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Acute pulmonary embolism 2: treatment
  1. Martin Riedel
  1. German Heart Center, Munich, Germany
  1. Dr Martin Riedel, Deutsches Herzzentrum und I. Medizinische Klinik, Technische Universität München, Lazarettstr. 36, D-80636 München, Germanym.riedel{at}

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Patients with pulmonary embolism are at risk for death, recurrence of embolism or chronic morbidity. Appropriate treatment can reduce the incidence of all. The mortality attributable to pulmonary embolism can be up to 30% in untreated patients, more than 10 times the annual mortality for patients treated with anticoagulant drugs (2.5%). Balanced against the danger of non-treatment are the risks of treatment.

As the primary process leading to pulmonary embolism is deep venous thrombosis (DVT), antithrombotic regimens are the mainstay of treatment. These include drugs that inhibit blood coagulation (heparin, oral anticoagulants, direct thrombin inhibitors), and thrombolytic drugs. Anticoagulation, by preventing clot propagation, allows endogenous fibrinolytic activity to dissolve existing thromboemboli. Anticoagulant treatment is essentially prophylactic, since these agents only interrupt progression of the thrombotic process; unlike thrombolytic agents, they do not actively resolve it. Direct mechanical resolution of the pulmonary vascular obstruction caused by pulmonary embolism can be performed by surgical embolectomy or catheter techniques.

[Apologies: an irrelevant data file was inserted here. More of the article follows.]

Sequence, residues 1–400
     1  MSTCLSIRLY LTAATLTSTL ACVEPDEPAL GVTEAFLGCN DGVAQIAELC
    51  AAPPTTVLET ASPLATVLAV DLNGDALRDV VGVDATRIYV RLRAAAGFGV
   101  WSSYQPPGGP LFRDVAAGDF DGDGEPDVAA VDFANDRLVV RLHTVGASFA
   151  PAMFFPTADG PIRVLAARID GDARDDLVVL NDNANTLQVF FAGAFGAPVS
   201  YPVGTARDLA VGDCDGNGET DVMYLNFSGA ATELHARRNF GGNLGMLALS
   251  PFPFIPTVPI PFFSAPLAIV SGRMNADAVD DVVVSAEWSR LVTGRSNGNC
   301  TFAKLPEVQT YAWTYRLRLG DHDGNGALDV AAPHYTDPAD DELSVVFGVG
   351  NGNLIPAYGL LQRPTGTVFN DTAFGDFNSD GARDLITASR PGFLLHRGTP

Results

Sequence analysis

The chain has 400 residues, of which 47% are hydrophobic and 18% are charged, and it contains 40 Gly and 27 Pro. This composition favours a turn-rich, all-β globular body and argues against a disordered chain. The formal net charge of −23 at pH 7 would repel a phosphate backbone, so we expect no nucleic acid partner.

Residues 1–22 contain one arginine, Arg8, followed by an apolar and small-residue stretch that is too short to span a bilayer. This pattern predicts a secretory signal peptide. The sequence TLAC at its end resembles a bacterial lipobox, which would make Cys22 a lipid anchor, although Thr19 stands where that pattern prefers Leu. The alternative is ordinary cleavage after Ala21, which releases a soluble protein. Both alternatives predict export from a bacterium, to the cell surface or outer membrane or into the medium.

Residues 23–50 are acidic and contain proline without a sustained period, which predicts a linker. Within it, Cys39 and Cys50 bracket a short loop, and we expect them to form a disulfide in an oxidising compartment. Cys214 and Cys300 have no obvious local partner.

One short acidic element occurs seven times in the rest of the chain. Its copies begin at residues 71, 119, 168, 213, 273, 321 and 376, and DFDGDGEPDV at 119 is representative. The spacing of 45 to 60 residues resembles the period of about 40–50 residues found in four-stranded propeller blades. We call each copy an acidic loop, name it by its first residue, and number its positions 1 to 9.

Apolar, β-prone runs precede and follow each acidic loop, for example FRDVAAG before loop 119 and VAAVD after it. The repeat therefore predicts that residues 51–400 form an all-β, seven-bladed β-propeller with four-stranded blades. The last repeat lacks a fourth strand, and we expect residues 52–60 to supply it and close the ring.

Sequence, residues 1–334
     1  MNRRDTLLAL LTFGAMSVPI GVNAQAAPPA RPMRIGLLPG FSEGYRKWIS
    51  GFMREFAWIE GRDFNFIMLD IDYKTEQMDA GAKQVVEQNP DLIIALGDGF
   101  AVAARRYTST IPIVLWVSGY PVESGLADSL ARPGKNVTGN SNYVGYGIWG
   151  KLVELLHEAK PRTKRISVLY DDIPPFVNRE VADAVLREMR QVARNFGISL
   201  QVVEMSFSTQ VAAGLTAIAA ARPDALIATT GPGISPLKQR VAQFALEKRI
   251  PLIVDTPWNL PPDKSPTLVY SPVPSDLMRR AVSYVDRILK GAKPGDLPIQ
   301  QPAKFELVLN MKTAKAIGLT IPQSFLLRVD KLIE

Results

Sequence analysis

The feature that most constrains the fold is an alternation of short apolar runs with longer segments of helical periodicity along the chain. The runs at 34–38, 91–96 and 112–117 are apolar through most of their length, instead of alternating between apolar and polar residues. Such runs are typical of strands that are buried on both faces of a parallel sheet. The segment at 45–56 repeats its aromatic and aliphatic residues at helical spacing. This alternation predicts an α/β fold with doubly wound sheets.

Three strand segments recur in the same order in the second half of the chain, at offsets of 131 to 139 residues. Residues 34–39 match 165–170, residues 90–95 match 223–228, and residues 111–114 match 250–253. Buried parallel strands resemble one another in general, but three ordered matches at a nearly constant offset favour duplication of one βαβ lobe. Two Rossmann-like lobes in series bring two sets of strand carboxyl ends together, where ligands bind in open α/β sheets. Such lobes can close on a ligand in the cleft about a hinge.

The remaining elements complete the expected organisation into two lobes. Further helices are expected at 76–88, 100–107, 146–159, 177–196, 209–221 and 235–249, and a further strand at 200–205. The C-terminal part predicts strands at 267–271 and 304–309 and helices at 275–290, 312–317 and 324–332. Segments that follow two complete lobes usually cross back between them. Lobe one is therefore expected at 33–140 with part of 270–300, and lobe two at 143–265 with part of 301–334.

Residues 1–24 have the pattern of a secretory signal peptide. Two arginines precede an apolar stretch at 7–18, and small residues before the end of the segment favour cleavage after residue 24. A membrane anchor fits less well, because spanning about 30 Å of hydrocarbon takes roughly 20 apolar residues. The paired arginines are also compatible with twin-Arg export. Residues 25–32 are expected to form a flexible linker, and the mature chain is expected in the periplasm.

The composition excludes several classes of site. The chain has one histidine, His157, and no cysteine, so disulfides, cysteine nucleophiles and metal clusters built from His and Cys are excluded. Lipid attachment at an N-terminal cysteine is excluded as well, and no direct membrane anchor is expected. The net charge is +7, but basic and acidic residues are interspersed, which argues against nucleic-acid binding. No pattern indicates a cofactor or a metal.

Unfractionated heparin (UFH), low molecular weight heparin (LMWH), direct thrombin inhibitors, and thrombolytic agents in appropriate doses, as well as surgical or catheter embolectomy, are used to treat acute pulmonary embolism. Oral anticoagulants, dextran, physical techniques that counteract venous stasis, inferior vena caval procedures, and lower doses of UFH or LMWH are used for prevention, but these prophylactic regimens are not appropriate for treatment of acute disease.

A general scheme for the treatment of pulmonary embolism is shown in fig 1. When there is a suspicion of pulmonary embolism and no strong contraindication to heparin it is wise to start treatment with a bolus of 5000–10000 U while the diagnostic work up is pursued. If subsequent tests rule out the diagnosis then heparin can be stopped. With established diagnosis, the treatment depends on the circulatory state of the patient. With severely impaired circulation—that is, …

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